This notion was amplified when conservative filmmaker Dinesh D’Souza tweeted May 2: “Just like that, CDC reduces its #Coronavirus death count to 37,000. That’s nearly HALF the total they were peddling. Did 30,000 people spring back to life like Lazarus? No, this seems a ‘gaffe’—defined as a case of the CDC accidentally telling the truth.” The post received more than 20,000 retweets.
USA TODAY reached out to the user who made the Facebook post and to D’Souza but did not receive a response.
Provisional deaths versus confirmed and probable deaths
As of April 14, 2020, the CDC regularly updates two measurements of deaths: provisional deaths (deaths verified by death certificates) and confirmed and probable cases (deaths based on case reports that are believed to have been caused by ).
The number of provisional deaths is based on data from the National Vital Statistics System, the data system the National Center for Health Statistics uses, which records information from death certificates. This number lags behind the number of confirmed and probable cases because, according to the CDC’s website, “it can take several weeks for death records to be submitted to (NCHS), processed, coded, and tabulated. Therefore, the data shown on this page may be incomplete, and will likely not include all deaths that occurred during a given time period, especially for the more recent time periods.”
This lengthier reporting process means provisional deaths lag about 1 week to 2 weeks behind other counts. The discrepancy has been a source of apparent confusion in relation to some of the posts claiming the CDC corrected or adjusted its count.
For example, when a Twitter user responded to D’Souza’s tweet trying to correct him with a screenshot of the number of confirmed and probable cases, D’Souza responded with a screenshot of the number of provisional deaths, saying, “See for yourself,” as if the two numbers were the same calculation.
Fact check: Is US coronavirus death toll inflated? Experts agree it’s likely the opposite
The New York Times reported in April that although the extent of the problem is not clear, a lack of testing, varying requirements for testing, inconsistent protocols for reporting deaths at the local and state level and people dying before being tested means many deaths were never counted.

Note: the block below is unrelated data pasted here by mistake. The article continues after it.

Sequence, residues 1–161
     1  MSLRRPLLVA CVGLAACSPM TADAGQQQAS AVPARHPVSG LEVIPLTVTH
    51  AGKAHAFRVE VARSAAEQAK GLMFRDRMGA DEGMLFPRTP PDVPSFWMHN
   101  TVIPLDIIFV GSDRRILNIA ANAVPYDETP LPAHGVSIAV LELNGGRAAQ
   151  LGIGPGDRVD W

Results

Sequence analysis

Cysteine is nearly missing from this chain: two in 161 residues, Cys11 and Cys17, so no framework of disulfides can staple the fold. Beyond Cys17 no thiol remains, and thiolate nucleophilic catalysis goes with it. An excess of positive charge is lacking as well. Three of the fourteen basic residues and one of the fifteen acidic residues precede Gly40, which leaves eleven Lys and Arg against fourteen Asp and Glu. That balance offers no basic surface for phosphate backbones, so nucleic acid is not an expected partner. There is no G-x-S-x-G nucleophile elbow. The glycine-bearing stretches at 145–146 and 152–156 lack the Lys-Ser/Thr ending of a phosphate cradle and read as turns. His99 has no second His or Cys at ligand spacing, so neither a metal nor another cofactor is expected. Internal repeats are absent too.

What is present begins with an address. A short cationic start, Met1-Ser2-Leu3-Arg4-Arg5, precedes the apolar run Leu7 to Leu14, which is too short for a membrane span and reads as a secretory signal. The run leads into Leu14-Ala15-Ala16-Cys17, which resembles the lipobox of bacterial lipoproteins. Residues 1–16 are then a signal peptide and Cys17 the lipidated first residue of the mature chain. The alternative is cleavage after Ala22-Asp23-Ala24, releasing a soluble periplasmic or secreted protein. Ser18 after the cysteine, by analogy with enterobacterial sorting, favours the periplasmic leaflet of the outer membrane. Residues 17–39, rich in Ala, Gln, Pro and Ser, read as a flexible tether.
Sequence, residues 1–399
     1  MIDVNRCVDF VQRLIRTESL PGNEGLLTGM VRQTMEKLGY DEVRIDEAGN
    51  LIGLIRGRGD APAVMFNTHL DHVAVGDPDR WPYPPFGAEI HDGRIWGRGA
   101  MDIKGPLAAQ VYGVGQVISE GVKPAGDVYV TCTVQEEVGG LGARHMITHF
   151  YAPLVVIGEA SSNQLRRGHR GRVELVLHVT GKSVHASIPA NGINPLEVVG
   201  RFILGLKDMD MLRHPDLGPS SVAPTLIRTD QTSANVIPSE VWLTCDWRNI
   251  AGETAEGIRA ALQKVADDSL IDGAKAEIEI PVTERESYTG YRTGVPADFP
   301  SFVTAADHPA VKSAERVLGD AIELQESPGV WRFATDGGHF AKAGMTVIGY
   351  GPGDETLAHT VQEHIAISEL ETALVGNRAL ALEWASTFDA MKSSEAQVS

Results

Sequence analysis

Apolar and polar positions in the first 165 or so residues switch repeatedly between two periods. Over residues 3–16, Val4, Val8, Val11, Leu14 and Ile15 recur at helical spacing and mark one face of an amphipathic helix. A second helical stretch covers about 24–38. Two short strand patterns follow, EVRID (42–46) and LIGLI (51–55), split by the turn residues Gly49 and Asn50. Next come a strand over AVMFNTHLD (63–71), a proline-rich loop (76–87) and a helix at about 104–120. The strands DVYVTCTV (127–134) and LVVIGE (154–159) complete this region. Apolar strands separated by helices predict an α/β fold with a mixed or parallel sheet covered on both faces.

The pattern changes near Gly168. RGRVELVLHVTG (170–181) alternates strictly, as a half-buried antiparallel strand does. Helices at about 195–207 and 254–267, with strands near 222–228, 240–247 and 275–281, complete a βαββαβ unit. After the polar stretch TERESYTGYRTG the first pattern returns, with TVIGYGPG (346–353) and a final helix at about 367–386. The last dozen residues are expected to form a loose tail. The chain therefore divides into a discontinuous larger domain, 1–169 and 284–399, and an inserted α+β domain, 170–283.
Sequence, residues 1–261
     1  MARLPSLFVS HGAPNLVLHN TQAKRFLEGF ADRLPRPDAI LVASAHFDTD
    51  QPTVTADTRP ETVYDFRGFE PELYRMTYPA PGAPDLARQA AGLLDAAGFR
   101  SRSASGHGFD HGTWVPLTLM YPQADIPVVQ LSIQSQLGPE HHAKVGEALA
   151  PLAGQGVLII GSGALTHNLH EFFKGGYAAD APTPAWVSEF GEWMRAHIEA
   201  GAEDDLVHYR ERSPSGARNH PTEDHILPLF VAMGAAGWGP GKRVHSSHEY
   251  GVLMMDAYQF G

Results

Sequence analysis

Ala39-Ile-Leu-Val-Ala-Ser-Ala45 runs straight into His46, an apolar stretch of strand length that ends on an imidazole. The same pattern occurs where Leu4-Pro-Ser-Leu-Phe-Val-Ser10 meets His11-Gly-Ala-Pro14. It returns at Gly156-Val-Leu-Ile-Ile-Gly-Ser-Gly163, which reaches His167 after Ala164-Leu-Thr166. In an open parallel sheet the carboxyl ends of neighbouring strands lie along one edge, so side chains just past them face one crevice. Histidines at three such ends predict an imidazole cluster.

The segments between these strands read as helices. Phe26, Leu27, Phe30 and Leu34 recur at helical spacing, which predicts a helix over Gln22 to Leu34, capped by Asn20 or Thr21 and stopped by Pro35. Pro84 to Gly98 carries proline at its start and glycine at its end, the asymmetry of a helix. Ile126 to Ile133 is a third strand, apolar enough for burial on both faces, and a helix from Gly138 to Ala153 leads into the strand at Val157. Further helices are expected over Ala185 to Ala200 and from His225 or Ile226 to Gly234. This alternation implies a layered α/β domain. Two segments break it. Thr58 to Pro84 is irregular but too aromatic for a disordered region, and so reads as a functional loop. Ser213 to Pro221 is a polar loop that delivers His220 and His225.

Fact check: Coronavirus’s annual death toll can’t yet be calculated, compared
NPR reported in May that this issue has not improved. Dr. Anthony Fauci, director of the National Institute of Allergy and Infectious Diseases, said in a Senate hearing that month the death count is “almost certainly” is higher.
Despite incomplete death counts, archived versions of both of the CDC’s coronavirus death counts — provisional, and confirmed and probable — have continued to increase since the virus started spreading. There have been no instances of either death count being significantly reduced, as claimed in the Facebook post.
The Facebook user claimed the CDC admitted “adding pneumonia and flu with COVID deaths.” This is not true, as Bob Anderson, NCHS chief of mortality statistics, confirmed to AFP Fact Check.
Fact check: CDC has not stopped reporting flu deaths, and this season’s numbers are typical
According to archived web pages, the CDC has displayed “deaths with pneumonia and ” next to the count of all provisional deaths since April 3. On April 24, CDC added a column for deaths with pneumonia, influenza or in addition to the total of deaths.
The webpage with provisional deaths now includes columns for:
The variations of pneumonia and influenza deaths are reported alongside deaths because the illnesses exhibit similar symptoms. Considering all three tallies can provide a better understanding of the extent of cases that may have gone undiagnosed.
“Deaths due to may be misclassified as pneumonia or influenza deaths in the absence of positive test results, and pneumonia or influenza may appear on death certificates as a comorbid (when a person has two diseases at once) condition,” the CDC’s website reads. “Additionally, symptoms can be similar to influenza-like illness, thus deaths may be misclassified as influenza.”
Despite these new variations of the provisional death count, the total provisional death count of deaths involving was not significantly reduced. The same goes for confirmed and probable deaths, the number of which continued to increase.
Our ruling: False
Although it’s unclear where the Facebook user found the numbers 54,000 or 43,000, the CDC did not lower the death count, nor did it admit to adding influenza and pneumonia to it death count. The user may have confused the CDC’s additional reporting of influenza and pneumonia-related deaths or the fact that the CDC reports two different counts for deaths. We rate this claim FALSE because it is not supported by our research.
Our fact-check sources:
Dinesh D’Souza tweet, May 2, 2020
Centers for Disease Control and Prevention, Cases in the U.S.
Centers for Disease Control and Prevention, Daily Updates of Totals by Week and State
New York Times, “Official Counts Understate the U.S. Coronavirus Death Toll,” April 7, 2020
Wayback Machine, “Daily Updates of Totals by Week and State”
Wayback Machine, “Cases in the U.S.”
Centers for Disease Control and Prevention, Technical Notes
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Our fact check work is supported in part by a grant from Facebook.